Feral (Wild) Cats

The State of Hawaii Department of Health estimates that there are 500,000 cats on the Island of Maui. Thousands of these are feral, non-domesticated animals left to hunt and capture prey in the wild. Feral cats (Felis catus) inhabit all forest types on the Hawaiian Islands, including wet montane forest environments such as those found in Hanawi NAR and TNC's Waikamoi Preserve (where Kiwikiu are found). Cats and cat signs (scat or tracks) have been observed in Hanawi NAR and TNC's Waikamoi Preserve and surrounding areas by Maui Forest Bird Recovery Project staff members as well as outside researchers. An analysis of cat scats found opportunistically within Hanawi has found the remains of both nestlings and adults of native and non-native bird species. Although cats generally prefer small mammal prey items, they utilize a wide range of food resources including native avifauna. Forest birds that forage in the understory, such as the Poouli, are especially vulnerable to cat predation. Predation by feral cats has had serious negative effects on populations of avifauna.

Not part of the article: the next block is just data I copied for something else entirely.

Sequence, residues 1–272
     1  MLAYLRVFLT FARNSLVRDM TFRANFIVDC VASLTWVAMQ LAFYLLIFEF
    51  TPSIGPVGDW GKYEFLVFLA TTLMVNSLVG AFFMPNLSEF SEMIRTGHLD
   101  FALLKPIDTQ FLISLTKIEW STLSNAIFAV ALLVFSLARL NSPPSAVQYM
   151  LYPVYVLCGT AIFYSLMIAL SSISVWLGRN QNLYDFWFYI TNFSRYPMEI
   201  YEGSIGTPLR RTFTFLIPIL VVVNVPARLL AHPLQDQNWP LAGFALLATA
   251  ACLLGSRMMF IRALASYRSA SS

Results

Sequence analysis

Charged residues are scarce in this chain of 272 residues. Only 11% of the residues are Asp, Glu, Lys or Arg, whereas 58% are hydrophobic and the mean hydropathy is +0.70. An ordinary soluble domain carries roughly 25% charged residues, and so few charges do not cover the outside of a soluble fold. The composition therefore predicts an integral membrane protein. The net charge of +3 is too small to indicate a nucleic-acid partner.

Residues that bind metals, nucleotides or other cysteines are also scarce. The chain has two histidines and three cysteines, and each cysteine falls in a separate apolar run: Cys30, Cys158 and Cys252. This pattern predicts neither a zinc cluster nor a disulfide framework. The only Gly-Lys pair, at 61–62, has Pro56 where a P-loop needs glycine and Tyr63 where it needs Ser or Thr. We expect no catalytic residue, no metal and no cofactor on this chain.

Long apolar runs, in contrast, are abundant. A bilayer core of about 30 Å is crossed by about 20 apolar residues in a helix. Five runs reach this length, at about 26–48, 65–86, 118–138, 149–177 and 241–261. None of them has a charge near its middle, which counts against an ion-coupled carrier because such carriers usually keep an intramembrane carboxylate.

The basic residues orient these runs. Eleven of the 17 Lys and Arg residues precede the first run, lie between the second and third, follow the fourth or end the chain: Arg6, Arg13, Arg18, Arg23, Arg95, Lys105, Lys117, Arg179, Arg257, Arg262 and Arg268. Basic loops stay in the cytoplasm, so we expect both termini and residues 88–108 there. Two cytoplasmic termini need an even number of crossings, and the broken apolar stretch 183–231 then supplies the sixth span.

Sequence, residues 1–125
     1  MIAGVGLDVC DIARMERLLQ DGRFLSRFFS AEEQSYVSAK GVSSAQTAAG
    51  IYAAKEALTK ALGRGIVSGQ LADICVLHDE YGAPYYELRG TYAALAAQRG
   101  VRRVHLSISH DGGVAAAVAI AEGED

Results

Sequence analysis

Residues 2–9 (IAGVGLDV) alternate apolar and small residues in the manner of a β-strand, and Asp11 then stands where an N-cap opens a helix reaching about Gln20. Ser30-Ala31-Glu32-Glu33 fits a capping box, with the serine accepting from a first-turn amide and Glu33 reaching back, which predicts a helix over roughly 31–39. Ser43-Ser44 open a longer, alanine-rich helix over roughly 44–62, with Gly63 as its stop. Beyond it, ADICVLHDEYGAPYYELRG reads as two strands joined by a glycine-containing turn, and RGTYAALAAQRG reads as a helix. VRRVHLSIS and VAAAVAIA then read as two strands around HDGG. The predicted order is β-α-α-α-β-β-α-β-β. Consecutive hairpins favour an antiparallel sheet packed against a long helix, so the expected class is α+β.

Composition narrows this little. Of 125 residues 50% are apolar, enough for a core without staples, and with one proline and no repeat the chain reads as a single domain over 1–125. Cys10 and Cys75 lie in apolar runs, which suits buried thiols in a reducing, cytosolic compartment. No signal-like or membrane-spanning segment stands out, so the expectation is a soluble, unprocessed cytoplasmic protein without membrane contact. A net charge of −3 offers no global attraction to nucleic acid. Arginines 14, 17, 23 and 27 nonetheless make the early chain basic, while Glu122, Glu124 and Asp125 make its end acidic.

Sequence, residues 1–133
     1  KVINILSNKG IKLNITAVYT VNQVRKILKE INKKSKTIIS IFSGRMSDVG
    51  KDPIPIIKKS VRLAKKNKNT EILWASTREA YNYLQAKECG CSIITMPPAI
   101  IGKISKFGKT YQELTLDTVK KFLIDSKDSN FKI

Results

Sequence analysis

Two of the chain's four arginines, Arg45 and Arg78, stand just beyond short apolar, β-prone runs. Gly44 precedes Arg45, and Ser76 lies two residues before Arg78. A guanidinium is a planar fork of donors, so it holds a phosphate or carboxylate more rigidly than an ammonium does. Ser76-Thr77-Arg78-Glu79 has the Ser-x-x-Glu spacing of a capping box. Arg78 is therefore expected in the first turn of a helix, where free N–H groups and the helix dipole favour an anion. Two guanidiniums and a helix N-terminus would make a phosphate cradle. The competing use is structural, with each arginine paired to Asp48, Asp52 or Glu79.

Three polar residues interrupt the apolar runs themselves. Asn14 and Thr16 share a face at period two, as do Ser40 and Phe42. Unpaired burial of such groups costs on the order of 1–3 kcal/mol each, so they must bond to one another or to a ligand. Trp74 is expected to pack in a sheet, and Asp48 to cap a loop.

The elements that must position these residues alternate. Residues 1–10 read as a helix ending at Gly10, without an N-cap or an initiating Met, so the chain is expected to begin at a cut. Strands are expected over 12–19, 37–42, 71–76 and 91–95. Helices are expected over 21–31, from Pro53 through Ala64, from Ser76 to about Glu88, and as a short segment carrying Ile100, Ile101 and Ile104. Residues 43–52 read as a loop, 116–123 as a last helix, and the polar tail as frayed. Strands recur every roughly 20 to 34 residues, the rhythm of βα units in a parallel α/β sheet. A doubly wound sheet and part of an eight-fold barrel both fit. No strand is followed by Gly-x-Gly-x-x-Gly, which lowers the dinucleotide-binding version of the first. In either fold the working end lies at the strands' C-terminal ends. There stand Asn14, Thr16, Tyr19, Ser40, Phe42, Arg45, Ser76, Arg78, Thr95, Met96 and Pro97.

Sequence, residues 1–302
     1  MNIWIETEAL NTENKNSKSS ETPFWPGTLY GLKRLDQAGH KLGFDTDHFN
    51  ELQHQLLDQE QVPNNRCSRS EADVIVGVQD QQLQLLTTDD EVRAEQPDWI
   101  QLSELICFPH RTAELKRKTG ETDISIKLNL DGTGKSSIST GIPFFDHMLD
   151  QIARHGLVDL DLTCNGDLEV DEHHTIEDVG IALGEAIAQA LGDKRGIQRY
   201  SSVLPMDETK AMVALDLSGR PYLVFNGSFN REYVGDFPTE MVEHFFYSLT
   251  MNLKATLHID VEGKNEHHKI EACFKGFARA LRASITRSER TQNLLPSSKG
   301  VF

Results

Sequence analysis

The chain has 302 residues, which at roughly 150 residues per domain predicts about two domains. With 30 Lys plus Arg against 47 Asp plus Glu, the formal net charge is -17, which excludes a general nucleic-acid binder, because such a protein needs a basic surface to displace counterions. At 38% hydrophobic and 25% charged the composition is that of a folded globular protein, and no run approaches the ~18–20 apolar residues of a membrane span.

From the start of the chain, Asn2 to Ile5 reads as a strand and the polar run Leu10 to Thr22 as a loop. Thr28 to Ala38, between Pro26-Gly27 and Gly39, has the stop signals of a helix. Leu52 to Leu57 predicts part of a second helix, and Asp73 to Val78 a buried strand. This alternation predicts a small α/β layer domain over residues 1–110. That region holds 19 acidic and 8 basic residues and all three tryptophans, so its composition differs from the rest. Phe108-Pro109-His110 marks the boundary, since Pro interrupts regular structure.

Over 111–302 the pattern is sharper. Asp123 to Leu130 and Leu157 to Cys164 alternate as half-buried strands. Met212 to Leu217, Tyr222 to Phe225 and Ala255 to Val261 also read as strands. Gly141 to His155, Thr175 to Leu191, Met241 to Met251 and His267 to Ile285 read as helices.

Effective predator control of these animals helps to alleviate their impact on forest bird populations.

Read on for more information: 

USGS Feral Cats: Too Long a Threat to Hawaiian Wildlife

American Bird Conservancy's website for downloadable materials about Keeping Cats Indoors.